The USAID, West Africa Trade & Investment Hub and the Global Shea Alliance is organizing a 2.5 hours webinar dubbed “From Farm to Beehive: Why Introducing Farmers to Beekeeping is a Win for Farmers, Agribusinesses & the Environment.”
The ancient practice of beekeeping, which produces millions of pounds of honey annually to meet growing worldwide demand, can be beneficial for smallholder farmers in West Africa whose incomes have been hard hit during the COVID-19 pandemic and is further being impacted by climate change.
The Feb. 24th webinar will serve as a starting point to encourage non-governmental organizations and agribusinesses that work with West African farmers to learn more about beekeeping.
Beekeeping dates back centuries before farming itself and has early roots in Northern Africa, where ancient Egyptian tomb paintings show the domestication of bees and beekeeping in pottery vessels. Considered a “superfood,” honey from bees has many antibacterial and antiseptic properties and is frequently used in pharmaceuticals and medicines such as cough syrup. According to a study by Facts and Factors Marketing Research, the global honey market alone is estimated at $8 billion and is expected to grow to $10.8 billion by 2026. Besides honey, beekeeping provides beeswax, pollen, and other substances used in cosmetics and healthcare products.
Regardless of the crop they farm, smallholder farmers stand to benefit when they double as beekeepers and take advantage of the local and worldwide demand for products made through beekeeping.
“Beekeeping, quite literally, is a golden opportunity for smallholder farmers in West Africa,” said Robin Wheeler, Chief of Party for the West Africa Trade & Investment Hub (Trade Hub), a project funded by the United States Agency for International Development (USAID) and a co-sponsor of the webinar. “We want farmers and those that support them to learn how the art of beekeeping can allow them to substantially increase their incomes through the production of honey and beeswax, while also supporting food security in their communities,” Wheeler added.
Along with the Trade Hub, the 2.5-hour webinar is sponsored by the USAID-funded West Africa Biodiversity and Low Emissions Development project (WABiLED, that has its foundations in WA BiCC) and the Global Shea Alliance, funded in part by USAID. It will feature a presentation led by WABiLED’s Biodiversity Conservation Specialist, Nouhou Ndam, on the economic and environmental benefits of supporting West African farmers to learn beekeeping.
Participants will also learn about some of the challenges and best practices to consider when launching beekeeping initiatives through a panel discussion of project managers from Universal Outreach Foundation (UOF), Koster Keunen, and Burt’s Bees.
Liberia-based UOF has been operating beekeeping training programs for 9 years and buys honey directly from the farmers it supports for its Liberia Pure Honey brand. From 2018 to 2020, WA BiCC supported UOF to expand its beekeeping activities into 44 forest communities around Liberia’s Grebo-Krahn and Gola National Parks. Koster Kuenen, a leading processor and marketer of natural waxes, currently operates a USAID and Prosper Africa-backed beekeeping initiative designed to support 1,200 farmers in West Africa, including those living in Ghana, Nigeria, and Côte d’Ivoire. Burt’s Bees®, an American natural skincare brand, has begun implementing a 3-year beekeeping project with hundreds of Ghanaian women from the shea sector, together with Partnership for Natural Ingredients and Burt’s Bees ingredient suppliers. The project is funded through USAID/Ghana.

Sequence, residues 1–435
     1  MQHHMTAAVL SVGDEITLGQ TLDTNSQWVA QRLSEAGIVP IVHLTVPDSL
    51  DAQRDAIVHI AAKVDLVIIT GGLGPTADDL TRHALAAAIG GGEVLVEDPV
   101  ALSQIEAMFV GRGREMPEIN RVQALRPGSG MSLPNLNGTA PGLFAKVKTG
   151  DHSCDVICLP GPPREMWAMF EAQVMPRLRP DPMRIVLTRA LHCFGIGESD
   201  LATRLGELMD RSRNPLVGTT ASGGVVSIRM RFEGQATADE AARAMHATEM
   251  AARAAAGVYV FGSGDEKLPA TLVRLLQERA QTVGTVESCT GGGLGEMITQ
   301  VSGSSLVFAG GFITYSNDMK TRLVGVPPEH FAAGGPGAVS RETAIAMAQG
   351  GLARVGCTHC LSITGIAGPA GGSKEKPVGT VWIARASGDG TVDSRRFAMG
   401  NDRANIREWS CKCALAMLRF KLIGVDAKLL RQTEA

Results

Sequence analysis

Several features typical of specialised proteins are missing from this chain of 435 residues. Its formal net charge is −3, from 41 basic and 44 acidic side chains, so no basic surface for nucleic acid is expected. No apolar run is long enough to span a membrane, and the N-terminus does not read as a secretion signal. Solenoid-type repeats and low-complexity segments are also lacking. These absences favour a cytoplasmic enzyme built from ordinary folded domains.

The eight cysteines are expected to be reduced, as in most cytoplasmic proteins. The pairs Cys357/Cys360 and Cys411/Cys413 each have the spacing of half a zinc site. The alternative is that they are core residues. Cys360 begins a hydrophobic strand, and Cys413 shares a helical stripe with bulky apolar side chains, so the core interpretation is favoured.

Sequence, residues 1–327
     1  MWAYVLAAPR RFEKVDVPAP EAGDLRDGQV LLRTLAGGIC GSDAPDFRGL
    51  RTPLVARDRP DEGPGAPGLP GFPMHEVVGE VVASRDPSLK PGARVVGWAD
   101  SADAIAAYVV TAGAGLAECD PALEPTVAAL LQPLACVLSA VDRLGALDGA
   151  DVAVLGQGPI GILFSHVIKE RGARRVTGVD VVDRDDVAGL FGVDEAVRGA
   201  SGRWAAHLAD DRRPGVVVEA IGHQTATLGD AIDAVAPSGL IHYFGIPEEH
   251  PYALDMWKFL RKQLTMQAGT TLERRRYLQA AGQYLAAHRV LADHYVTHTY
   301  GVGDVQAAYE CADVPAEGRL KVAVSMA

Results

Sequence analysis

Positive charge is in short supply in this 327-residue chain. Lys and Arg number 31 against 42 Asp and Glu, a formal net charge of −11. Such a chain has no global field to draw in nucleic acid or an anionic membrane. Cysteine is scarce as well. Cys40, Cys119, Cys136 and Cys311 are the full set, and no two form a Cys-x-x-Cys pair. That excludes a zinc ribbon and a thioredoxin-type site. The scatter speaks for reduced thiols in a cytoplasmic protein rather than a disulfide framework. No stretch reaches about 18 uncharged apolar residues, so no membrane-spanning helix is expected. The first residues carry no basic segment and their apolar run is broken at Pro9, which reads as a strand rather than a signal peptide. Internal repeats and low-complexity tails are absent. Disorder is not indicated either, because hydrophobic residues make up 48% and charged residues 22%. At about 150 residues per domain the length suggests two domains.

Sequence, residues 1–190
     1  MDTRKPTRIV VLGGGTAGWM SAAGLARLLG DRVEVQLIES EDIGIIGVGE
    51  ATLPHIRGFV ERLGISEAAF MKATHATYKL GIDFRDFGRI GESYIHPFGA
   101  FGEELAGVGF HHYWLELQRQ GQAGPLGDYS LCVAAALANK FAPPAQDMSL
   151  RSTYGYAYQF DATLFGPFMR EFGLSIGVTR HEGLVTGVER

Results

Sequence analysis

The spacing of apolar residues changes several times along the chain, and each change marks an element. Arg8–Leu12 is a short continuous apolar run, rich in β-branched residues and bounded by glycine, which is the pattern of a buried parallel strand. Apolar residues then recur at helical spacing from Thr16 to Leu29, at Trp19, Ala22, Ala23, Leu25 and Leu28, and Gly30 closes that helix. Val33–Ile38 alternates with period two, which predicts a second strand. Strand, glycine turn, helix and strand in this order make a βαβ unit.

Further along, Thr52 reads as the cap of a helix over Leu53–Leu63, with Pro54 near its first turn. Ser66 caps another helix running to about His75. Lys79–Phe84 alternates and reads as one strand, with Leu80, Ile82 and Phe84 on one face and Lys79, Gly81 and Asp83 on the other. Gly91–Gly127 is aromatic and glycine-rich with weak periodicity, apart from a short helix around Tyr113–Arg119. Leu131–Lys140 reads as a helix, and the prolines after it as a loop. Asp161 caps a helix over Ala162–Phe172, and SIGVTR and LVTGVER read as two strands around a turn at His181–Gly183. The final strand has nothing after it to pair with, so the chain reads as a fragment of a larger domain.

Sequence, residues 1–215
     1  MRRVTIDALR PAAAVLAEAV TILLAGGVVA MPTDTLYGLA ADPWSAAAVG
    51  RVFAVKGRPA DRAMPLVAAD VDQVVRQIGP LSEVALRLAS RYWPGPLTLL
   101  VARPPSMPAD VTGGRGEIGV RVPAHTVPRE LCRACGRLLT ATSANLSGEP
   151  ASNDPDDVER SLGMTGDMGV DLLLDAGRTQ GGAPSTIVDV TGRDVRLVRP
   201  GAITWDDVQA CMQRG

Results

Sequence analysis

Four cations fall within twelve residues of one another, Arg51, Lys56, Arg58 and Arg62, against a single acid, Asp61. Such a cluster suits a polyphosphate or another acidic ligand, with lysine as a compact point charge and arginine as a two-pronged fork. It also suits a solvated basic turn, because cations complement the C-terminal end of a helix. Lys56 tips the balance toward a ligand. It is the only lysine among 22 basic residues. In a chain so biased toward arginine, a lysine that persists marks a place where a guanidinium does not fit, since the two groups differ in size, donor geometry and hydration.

A primary focus of the webinar is highlighting how helping smallholder farmers diversify their incomes is critical to poverty reduction in Africa. According to the World Bank, 82 percent of people living in extreme poverty in Africa rely on subsistence farming as their primary source of income. Beekeeping, when done successfully and sustainably, is recognized as one of the most important additional income-generating activities and safety nets for smallholder farmers in Africa. For example, a WA BiCC case study examining the impact of UOF’s beekeeping initiative found that farmers could generate approximately $87.50 per year in income from a single beehive—a significant amount for most Liberian farmers.
Yet while farmer beekeeping initiatives are largely undertaken for economic gain, Stephen Kelleher, WABiLED’s Chief of Party, said the case for introducing beekeeping as part of conservation efforts is equally compelling.
“Honeybees are one of the most important insects in the environment, as they play a major role in maintaining biodiversity and enhancing forest regeneration,” Kelleher said. “Close to 75 percent of the world’s crops that produce fruits and seeds for human consumption depend, at least in part, on pollination by bees.”
Aaron Adu, Managing Director of the Global Shea Alliance, is keen to have the organization’s members join the webinar given that shea trees benefit from bees moving pollen between their flowers to produce fruit (nuts). Thus, beekeeping is an activity that could increase shea farmers’ crop yields and lead to additional income streams.
“As a forward-thinking organization, we are always seeking ways to help our members explore opportunities that could help generate additional revenue and contribute to sustainable development,” Adu said.
Interested parties can register for the webinar here: https://bit.ly/farm-to-beehive
Source; USAID West Africa Trade & Investment Hub